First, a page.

Furthermore, the photographs unified plague prevention teams’ medical professionals (Chinese or foreign, all wearing lab coats), trained policemen (dark uniforms), and coolies and cart drivers (overalls), all masked and working together despite their class differences. Wu still blamed the migrant labor “coolie” class for being plague supertransmitters around Manchuria, but he strategically incorporated their labor into his plague control infrastructure. Staging such photographs as “Disinfection squad, Fuchiatien” (fig. 6, below) provided a visual manifestation of the orderliness and decisiveness of Wu’s “vision of state-organized medical reason and hygienic modernity.”
By depicting the full range of plague control personnel, the photos reinforced Chinese medical and administrative competence in the face of a medical crisis. Anyone wearing Wu’s “plague fighter uniform” signaled himself as a colleague of and key contributor to the international medical community. Through Wu’s plague prevention service, the beleaguered Chinese imperial government could indicate that it had suitably arrived at medical modernity and had incorporated cutting-edge biomedical knowledge into its governing canon. Following Wu and other foreign doctors’ suggestions, the government went as far as to issue an imperial edict ordering mass cremation, a process shown in photos like “Scattering kerosene on stack of coffins” (fig. 7, below).
As a documentary collection, Strong’s Manchuria photos suggest the competence, efficiency, and know-how of Wu’s team, but this was only part of the story. There is no indication in the collection that local communities actively resisted the team’s intrusive, “brutal” anti-plague measures, nor that the doctors feared public reprisals through physical violence. Neither the photos nor their captions alert the viewer that mass cremations of corpses, though condoned by the government, horrified the Manchurian public as it defied local burial traditions. In his later memoir, Wu remembers the 1910–1911 plague epidemic as a turning point for China’s modernization in medicine, but most Manchurian residents only experienced the epidemic as an unadulterated tragedy. Wu and his colleagues could not cure the pneumonic plague; thus, they could not convincingly explain why a sick person taken into a hospital would never return, or why plague control measures were necessarily so inhumane. These photos, taken from the perspective of a medical doctor, cannot help us understand the social and human toll of the epidemic, and, in fact, they obscure the deep rift between the success of modern plague prevention and the alienation of local communities. Even after the end of the pandemic, it would still be years before any Chinese government made concerted efforts to teach hygiene and infectious disease prevention measures to the general public. Researchers of the Manchurian epidemic should remember not to neglect the event’s human and social dimensions.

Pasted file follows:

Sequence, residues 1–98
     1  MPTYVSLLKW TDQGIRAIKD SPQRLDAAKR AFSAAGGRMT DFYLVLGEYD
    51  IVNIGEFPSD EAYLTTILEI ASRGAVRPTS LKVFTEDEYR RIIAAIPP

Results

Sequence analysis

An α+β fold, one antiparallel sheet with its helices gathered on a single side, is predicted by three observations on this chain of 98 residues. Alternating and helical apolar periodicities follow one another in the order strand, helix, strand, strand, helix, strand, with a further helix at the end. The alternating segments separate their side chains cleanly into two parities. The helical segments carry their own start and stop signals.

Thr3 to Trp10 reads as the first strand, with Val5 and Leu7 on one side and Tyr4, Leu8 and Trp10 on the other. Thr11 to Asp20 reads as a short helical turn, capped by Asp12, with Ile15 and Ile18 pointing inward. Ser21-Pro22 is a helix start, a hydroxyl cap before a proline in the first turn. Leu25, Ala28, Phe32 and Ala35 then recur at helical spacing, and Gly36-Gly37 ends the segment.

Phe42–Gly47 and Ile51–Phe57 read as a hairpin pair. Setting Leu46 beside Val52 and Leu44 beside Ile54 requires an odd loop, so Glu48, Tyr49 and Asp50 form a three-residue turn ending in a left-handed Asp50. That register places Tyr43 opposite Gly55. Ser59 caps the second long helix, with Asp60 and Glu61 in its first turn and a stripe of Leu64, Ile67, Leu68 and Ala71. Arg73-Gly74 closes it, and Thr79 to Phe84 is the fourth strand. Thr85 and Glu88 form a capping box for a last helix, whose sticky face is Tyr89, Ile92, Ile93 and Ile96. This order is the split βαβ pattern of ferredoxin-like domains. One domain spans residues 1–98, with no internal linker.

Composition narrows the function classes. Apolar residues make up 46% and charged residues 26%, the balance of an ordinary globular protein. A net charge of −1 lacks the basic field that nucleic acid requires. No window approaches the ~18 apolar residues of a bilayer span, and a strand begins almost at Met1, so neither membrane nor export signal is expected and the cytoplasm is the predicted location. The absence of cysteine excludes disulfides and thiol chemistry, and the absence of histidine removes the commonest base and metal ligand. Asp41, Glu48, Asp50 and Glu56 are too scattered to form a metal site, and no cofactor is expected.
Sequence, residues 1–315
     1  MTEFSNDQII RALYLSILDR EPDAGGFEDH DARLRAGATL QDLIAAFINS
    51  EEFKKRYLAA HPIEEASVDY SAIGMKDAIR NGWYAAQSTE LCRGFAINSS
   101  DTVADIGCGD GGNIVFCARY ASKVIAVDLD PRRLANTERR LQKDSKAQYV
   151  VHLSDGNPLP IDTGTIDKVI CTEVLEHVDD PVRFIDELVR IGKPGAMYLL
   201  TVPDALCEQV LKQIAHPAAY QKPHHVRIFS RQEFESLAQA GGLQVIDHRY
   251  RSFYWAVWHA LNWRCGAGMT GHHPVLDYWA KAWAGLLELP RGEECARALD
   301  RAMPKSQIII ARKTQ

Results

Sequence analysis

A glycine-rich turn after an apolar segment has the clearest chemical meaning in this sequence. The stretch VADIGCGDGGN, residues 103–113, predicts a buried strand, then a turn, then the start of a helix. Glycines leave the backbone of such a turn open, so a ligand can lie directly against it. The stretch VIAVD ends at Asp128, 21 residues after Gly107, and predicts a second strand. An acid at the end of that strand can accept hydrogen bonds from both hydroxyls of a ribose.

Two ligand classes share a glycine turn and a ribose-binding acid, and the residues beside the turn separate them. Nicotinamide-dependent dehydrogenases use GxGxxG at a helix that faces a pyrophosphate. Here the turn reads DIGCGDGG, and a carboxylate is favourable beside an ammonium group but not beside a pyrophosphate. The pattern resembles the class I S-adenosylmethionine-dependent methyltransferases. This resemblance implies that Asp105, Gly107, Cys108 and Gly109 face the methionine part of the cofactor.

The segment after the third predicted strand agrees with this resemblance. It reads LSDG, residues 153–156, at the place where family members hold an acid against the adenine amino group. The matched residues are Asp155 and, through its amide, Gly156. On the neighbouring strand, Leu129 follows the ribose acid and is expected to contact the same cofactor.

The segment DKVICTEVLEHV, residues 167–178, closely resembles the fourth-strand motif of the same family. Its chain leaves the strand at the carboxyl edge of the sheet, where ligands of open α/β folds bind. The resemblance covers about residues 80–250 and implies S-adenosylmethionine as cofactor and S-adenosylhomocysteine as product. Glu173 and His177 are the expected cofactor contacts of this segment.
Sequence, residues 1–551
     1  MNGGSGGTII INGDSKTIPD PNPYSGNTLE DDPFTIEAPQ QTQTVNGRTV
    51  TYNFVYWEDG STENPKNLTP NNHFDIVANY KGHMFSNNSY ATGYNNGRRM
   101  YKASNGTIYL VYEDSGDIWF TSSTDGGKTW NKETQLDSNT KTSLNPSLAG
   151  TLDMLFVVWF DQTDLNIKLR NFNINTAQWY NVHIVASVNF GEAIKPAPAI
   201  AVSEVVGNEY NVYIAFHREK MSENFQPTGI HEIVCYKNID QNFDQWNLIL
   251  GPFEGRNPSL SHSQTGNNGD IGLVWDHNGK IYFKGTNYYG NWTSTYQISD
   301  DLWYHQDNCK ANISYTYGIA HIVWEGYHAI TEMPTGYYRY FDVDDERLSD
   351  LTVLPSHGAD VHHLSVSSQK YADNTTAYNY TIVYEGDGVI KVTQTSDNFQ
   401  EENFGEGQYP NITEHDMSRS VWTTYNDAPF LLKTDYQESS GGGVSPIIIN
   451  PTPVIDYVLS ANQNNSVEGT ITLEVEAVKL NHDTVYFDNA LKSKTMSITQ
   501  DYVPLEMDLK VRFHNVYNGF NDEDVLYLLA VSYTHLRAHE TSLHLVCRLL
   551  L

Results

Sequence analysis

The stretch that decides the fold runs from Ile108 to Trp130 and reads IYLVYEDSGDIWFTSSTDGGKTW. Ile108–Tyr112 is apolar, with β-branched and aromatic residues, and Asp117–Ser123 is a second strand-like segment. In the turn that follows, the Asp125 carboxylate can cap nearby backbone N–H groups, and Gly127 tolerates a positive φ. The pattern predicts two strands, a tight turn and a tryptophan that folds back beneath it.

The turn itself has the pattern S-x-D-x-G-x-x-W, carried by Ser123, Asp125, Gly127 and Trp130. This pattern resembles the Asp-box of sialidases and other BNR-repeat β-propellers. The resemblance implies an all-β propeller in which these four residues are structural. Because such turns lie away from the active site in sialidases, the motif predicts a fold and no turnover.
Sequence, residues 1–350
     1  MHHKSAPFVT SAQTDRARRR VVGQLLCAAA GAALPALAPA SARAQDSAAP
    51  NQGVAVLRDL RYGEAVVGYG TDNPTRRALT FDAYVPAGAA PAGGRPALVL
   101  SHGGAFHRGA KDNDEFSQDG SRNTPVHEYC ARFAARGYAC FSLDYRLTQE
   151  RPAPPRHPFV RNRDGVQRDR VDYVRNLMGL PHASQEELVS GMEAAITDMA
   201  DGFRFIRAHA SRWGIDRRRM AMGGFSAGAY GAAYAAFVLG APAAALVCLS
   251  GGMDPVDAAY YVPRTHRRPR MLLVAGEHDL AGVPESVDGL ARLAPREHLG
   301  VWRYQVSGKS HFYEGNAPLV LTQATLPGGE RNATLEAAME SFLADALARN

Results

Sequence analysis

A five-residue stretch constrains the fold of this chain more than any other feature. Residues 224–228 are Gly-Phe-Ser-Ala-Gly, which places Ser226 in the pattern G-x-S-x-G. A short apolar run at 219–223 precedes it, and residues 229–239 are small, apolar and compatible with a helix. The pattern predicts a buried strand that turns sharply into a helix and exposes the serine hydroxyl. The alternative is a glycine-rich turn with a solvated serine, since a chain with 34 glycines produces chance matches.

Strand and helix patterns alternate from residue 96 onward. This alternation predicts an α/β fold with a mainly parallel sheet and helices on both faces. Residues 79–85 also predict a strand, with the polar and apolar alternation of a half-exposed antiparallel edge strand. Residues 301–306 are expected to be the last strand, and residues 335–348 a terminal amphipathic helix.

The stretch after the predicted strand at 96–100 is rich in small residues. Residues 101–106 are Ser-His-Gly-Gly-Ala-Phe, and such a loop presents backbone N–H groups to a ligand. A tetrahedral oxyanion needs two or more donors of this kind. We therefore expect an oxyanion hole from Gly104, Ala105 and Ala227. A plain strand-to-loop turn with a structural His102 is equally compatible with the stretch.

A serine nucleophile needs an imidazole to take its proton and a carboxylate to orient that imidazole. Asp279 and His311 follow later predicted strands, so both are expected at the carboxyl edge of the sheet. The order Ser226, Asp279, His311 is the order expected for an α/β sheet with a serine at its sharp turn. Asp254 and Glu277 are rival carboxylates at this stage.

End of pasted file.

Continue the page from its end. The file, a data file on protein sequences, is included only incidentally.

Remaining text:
What is clear, however, is the photos’ value in helping historians understand early 20th century public health and how imperialism, politics, and global medicine intersect. In terms of medical innovation, Wu’s inventions certainly had staying power, as masks and other personal protective equipment are still commonplace during epidemics today. In terms of geopolitics, the Chinese imperial government was able to assert its sovereignty in Manchuria and establish the North Manchurian Plague Prevention Service as China’s inaugural national public health service. Strong, appointed to the faculty of Harvard Medical School in 1913, would publish much of his research on the Manchurian plague in the United States, highlighting the groundbreaking discoveries of Chinese doctors and scientists and paving the way for future global collaborations in medical research. Wu Lien-teh would continue his decorated career in China and become the first in a long line of Chinese doctors to be appointed to important positions in China and abroad.